from The American Heritage® Dictionary of the English Language, 4th Edition
- Powhatan 1 Originally Wahunsonacock. 1550?-1618. Algonquian leader who founded the Powhatan confederacy and maintained peaceful relations with English colonists after the marriage of his daughter Pocahontas to John Rolfe (1614).
- n. A confederacy of Native American peoples of eastern Virginia in the 16th and 17th centuries, with present-day descendants in the same area.
- n. A member of this confederacy.
- n. The Algonquian language of the Powhatan, a dialect of Virginia Algonquian.
from WordNet 3.0 Copyright 2006 by Princeton University. All rights reserved.
- n. Indian chief and founder of the Powhatan confederacy of tribes in eastern Virginia; father of Pocahontas (1550?-1618)
- n. a member of the Algonquian people who formerly lived in eastern Virginia
- n. the Algonquian language of the Powhatan
In 1998 and 1999, a 17-year-old male held at Beaumont Juvenile Correctional Center in Powhatan County was investigated by state police for sex offenses with female staff there.
As the Powhatan was a king then his daughter was a princess, and as such must be treated with all respect.
That was undoubtedly the point of vantage, but The Powhatan was a much dreaded werowance and they dared not risk his ire.
Obtaining there a good supply of food from the Indians, they returned to the Jamestown settlement, about forty miles up the river, then called Powhatan, now known as the James.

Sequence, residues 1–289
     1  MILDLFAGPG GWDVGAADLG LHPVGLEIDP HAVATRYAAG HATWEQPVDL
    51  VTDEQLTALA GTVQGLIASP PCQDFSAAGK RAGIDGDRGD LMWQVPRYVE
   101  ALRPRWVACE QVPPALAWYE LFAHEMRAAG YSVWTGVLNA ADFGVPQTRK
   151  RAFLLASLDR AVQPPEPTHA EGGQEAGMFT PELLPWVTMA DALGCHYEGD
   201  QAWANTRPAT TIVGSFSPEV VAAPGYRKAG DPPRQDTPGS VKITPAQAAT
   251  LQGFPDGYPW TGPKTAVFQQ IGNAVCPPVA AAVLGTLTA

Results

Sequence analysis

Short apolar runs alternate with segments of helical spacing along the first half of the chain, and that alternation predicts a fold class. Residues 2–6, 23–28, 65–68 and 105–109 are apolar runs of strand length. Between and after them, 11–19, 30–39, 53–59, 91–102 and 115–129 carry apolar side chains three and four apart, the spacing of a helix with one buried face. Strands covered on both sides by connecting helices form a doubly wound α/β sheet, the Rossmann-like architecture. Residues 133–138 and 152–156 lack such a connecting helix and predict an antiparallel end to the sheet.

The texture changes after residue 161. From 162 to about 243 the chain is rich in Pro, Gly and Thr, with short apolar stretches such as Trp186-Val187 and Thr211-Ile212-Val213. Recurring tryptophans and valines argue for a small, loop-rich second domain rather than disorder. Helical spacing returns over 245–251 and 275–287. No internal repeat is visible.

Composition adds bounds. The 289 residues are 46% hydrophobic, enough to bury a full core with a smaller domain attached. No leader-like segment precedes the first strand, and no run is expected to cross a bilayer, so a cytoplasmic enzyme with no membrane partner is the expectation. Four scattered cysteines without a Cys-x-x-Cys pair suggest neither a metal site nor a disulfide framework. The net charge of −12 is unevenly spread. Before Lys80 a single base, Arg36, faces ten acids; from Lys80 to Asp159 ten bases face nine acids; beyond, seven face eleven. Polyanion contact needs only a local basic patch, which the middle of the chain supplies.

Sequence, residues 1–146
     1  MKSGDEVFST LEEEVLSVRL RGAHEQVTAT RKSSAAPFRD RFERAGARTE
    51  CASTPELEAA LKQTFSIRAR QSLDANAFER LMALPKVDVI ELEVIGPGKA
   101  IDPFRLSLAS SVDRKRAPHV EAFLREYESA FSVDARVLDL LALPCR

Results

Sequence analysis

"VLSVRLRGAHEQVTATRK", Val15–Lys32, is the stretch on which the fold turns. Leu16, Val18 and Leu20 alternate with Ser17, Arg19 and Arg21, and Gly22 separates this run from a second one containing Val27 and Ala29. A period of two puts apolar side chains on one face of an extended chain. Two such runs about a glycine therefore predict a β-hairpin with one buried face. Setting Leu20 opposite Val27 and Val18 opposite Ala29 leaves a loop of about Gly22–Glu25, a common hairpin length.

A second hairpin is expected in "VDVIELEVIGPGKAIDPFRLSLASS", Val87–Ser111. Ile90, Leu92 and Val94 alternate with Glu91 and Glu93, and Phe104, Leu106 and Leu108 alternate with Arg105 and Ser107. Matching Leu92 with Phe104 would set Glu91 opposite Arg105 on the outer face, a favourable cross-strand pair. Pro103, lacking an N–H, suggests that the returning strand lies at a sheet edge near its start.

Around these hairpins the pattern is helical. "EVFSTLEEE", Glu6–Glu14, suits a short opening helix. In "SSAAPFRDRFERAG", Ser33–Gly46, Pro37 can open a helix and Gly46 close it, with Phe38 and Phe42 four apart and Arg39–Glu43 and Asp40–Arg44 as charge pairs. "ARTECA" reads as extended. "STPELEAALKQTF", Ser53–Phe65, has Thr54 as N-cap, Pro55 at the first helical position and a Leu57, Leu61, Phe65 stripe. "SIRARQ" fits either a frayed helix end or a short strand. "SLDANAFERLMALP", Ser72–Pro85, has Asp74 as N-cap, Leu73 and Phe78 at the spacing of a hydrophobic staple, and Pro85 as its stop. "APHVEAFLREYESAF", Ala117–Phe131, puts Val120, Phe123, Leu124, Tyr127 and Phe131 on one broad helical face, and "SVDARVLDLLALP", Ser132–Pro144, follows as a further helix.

To place him more advantageously the President sent to Powhatan, offering to buy the place called Powhatan, promising to defend him against the Monacans, to pay him in copper, and make a general alliance of trade and friendship.
President, to the Falls, to the little Powhatan, where, unknown to me, he sold me to him for a town called Powhatan; and, leaving me with him, the little Powhatan, he made known to Capt.
Smith, our President, to the Falls, to the little Powhatan, where, unknown to me, he sold me to him for a town called Powhatan; and, leaving me with him, the little
To place him more advantageously the President sent to Powhatan, offering to buy the place called Powhatan, promising to defend him against the
To Powhatan ample presents were made of penny-knives, shears, and toys, and he invited them to visit him at one of his seats called Powhatan, which was within a mile of the Falls, where now stands the city of
Powhatan, for the purchase of his place called Powhatan, which he was willing to accept; but the disorderly spirits he had sent thither, who were dreaming that the country immediately above them was full of gold, to which they wished no one to have access but themselves, refused the place or to ratify the contract, despising alike his kindness and his authority.